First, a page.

The idea is to split your sequence in half, find the answers for both halves, then use that to find the answer for the entire sequence.

Assume you have a sequence `[left, right]`

. Let `m = (left + right) / 2`

. Now, the maximum sum subsequence (`MSS`

) of `[left, right]`

is either `MSS(left, m)`

, `MSS(m + 1, right)`

or a sequence that starts in `[left, m]`

and ends somewhere in `[m + 1, right]`

.

Pseudocode:

```
MSS(left, right)
if left = right then return sequence[left]
m = (left + right) / 2
leftMSS = MSS(left, m)
rightMSS = MSS(m + 1, right)
maxLeft = -inf // find the maximum sum subsequence that ends with m and starts with at least left
cur = 0
i = m
while i >= left do
cur += sequence[i]
if cur > maxLeft
maxLeft = cur
maxRight = -inf // find the maximum sum subsequence that starts with m + 1 and ends with at most right
cur = 0
i = m + 1
while i <= right
cur += sequence[i]
if cur > maxRight
maxRight = cur
return max(leftMSS, rightMSS, maxLeft + maxRight)
```

This is `O(n log n)`

because the recursion three has height `O(log n)`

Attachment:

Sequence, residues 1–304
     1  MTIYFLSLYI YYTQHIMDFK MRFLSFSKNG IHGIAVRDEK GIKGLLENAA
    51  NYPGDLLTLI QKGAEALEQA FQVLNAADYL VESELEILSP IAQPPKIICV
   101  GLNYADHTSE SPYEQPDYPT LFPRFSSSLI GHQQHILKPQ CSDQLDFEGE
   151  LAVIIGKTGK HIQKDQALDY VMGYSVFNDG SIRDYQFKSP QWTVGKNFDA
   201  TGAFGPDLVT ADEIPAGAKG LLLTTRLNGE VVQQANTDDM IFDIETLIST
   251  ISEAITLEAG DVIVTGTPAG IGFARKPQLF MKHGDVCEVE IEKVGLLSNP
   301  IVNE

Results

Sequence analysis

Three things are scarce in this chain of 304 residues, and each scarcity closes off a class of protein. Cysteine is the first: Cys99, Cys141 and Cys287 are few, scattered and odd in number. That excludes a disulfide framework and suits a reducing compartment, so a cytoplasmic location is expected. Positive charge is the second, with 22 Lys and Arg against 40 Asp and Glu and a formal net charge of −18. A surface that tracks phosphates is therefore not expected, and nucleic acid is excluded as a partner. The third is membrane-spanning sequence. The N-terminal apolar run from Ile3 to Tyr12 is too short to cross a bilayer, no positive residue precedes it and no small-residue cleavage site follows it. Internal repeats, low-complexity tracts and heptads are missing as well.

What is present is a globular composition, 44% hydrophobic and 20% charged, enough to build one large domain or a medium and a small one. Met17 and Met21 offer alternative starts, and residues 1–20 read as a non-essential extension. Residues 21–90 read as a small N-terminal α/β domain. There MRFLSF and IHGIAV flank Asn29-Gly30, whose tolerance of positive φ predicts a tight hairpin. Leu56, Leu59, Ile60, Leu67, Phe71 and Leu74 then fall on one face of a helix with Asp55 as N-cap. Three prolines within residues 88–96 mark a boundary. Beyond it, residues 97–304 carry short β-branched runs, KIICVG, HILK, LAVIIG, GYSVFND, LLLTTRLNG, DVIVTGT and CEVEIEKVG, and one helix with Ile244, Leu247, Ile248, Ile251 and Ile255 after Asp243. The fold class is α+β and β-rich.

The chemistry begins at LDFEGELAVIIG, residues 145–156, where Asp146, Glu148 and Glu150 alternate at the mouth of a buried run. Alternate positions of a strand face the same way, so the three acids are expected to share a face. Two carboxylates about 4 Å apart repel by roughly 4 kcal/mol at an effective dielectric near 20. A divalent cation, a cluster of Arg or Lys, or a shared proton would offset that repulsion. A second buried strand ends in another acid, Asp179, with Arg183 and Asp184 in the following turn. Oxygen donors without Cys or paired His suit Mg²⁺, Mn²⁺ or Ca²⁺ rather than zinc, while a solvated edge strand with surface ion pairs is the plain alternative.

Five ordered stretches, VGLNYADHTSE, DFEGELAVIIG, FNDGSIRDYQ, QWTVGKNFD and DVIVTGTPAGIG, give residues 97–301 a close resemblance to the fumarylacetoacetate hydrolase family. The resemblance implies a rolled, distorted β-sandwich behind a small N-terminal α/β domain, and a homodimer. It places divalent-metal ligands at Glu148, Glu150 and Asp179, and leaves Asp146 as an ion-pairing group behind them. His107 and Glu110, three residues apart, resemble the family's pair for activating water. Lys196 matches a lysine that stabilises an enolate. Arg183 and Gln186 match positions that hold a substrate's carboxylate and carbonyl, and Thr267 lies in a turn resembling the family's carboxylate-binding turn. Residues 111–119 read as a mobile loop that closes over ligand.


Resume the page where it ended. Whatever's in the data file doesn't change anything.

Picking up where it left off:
and at each level of the tree we do `O(n)`

work.

Here is how it would run on `-2, 4, -1, 3, 5, -6, 1, 2`

:

```
0 1 2 3 4 5 6 7
-2 4 -1 3 5 -6 1 2
MSS(0, 7) = 11
/ \
MSS(0, 3) = 6 MSS(4, 7) = 5 ------
/ \ | \
MSS(0, 1) = 4 MSS(2, 3) = 3 MSS(4, 5) = 5 NSS(6, 7) = 3
/ \ / \
MSS(0, 0) = -2 MSS(1, 1) = 4 MSS(2, 2) = -1 MSS(3, 3) = 3
```

Of interest is the computation of `MSS(0, 3)`

and `MSS(0, 7)`

, since these do not simply take the max of their children. For `MSS(0, 3)`

we try to make as large a sum as possible adding consecutive elements starting with the middle of the interval (1) and going left. This max is `4`

. Next we do the same starting with the middle of the interval + 1 and going right. This max is `2`

. Adding these together gets us a maximum sum subsequence with the sum of `6`

, which is larger than the maximum sum subsequence of the two child intervals, so we take this one instead.

The reasoning is similar for `MSS(0, 7)`

.

contiguous subsequencesum? The maximum subset sum is trivial: toss out all the negative elements. – Ted Hopp Jul 26 '11 at 22:47